Proclamation for Ocala's Confederate Memorial Day makes no mention of slavery

Mayor enters proclamation at request of United Daughters of the Confederacy

OCALA, Fla. – At a press conference held late Wednesday afternoon, Ocala Mayor Kent Guinn addressed heated concerns after he declared April 26 as Confederate Memorial Day. 

The proclamation was presented and approved during Tuesday night's City Council meeting.

Guinn said the day would "honor those who died who were Confederate soldiers."

"To me personally, it was about honoring veterans," said Mayor Guinn.

Wednesday, Guinn told reporters he made the proclamation after two people came forward asking to preserve history.

He said it's something the city has done before.

"We’ve got like 48,000 veterans here in Marion County, and so I’m just honoring veterans - that’s all it meant to me, didn’t mean anything more than that," said Guinn.

The day would "recall the tragic events that took place between the years of 1861 and 1865, we do so in an attempt to gain a better understanding of the conflicting ideals and passions that pitted brother against brother and tore a nation apart," according to the proclamation.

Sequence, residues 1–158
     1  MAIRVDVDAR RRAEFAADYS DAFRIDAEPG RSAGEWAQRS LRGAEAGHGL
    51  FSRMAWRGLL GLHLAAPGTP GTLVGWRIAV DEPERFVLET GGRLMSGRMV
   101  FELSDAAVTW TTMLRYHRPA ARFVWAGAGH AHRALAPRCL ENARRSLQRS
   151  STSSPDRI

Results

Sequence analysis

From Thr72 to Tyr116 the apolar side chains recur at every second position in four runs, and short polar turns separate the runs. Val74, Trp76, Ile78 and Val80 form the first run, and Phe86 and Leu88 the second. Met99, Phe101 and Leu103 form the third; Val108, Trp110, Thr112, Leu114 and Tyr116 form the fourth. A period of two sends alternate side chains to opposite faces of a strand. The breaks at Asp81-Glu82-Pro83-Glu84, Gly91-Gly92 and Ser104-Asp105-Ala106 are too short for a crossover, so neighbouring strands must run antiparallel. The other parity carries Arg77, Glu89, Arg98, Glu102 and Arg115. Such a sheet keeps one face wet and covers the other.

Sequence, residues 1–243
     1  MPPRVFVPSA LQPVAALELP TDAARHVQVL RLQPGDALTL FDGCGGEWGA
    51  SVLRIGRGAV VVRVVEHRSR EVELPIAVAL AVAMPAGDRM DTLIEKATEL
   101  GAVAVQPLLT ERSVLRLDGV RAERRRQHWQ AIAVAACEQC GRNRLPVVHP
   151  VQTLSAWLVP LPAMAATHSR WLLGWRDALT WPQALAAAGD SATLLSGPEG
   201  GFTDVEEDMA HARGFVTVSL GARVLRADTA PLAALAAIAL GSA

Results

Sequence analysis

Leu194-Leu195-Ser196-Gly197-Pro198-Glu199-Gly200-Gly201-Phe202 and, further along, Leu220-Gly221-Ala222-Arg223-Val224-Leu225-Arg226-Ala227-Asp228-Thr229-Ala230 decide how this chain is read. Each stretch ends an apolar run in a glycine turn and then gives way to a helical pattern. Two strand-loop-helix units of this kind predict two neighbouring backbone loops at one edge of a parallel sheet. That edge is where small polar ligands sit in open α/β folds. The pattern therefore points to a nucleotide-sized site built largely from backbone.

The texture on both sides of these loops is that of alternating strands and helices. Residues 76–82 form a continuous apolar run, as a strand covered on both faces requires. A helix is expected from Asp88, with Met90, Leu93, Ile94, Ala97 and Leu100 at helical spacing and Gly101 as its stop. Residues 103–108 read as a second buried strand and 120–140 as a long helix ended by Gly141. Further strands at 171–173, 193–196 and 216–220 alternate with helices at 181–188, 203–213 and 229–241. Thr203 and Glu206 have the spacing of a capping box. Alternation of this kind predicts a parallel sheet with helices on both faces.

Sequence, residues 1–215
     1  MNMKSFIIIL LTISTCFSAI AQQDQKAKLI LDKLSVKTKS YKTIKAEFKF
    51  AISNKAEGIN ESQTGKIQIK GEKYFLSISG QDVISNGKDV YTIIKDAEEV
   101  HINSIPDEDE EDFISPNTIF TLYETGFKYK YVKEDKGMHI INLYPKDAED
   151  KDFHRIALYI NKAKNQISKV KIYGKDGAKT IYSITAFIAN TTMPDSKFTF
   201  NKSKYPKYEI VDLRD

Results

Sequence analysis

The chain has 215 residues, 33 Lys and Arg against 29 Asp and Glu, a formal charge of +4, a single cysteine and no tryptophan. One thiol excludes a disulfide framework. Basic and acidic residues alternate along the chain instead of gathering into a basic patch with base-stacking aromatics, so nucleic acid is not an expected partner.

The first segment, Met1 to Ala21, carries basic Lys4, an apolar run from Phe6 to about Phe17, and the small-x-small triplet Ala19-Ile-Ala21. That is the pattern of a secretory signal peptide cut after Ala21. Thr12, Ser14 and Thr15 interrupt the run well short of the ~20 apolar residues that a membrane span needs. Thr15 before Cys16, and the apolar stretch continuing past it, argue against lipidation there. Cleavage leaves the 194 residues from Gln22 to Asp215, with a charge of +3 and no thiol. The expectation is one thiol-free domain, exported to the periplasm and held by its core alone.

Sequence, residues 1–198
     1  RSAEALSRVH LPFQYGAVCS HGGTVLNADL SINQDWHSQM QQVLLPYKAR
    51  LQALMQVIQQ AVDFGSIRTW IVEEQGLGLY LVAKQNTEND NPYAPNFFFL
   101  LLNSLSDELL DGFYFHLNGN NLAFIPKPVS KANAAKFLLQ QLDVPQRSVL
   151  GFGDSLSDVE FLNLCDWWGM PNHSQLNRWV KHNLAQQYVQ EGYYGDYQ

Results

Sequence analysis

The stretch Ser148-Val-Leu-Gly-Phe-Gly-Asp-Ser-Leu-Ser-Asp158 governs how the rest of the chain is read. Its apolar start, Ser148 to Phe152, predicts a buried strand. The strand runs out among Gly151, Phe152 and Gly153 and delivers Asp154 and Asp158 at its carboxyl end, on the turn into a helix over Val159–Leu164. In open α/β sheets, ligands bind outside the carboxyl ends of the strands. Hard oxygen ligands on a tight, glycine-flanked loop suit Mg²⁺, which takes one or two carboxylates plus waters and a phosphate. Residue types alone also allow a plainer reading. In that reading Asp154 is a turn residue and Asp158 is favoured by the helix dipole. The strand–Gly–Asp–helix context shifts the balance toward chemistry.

City Council president Mary Sue Rich spoke out boldly at Tuesday's meeting in opposition to the proclamation.  She made the point that it doesn't align with what she said needs to happen in 2019.

Councilwoman Rich spoke with reporters Wednesday prior to the mayor's press conference.

"During the Confederacy was a bad time for African Americans," said Rich.  "It is history and that’s where it should stay, in the history books."

Rich said the proclamation is insensitive and a bad reminder for African Americans.

"They were held as slaves, they were killed and nothing pleasant happened to my ancestors," said Councilwoman Rich.

The proclamation fails to mention the cause of the "conflicting ideas and passions" was due to the enslavement of millions of African Americans.

The word slavery is not mentioned in the proclamation with the city seal and Guinn's signature.

At the end of the Civil War, after 250 years of enslaving African Americans, slavery was abolished under the 13th Amendment, setting millions of people free.

However, their rights were not fully restored and people of color continued to face mistreatment.

The city has previously recognized Confederate history during Florida Confederate History Month in 2005, 2012, 2013 and 2014.

"Not one word of a problem in doing this in years past," Guinn said. "I was simply honoring the request of these folks."

Guinn was previously accused of being in the Ku Klux Klan in 2015.

He denied those allegation brought forth by the hacking group Anonymous. He again denied those allegations on Wednesday.

"I despise what those groups stand for," he said.

Alabama, Florida, Georgia, Louisiana, Mississippi, Texas and Virginia call April Confederate History Month.

Cities other than Ocala that have made similar proclamations have faced backlash.

Mayor Guinn told News 6 he's meeting with six Marion County pastors to get a better understanding of their concerns.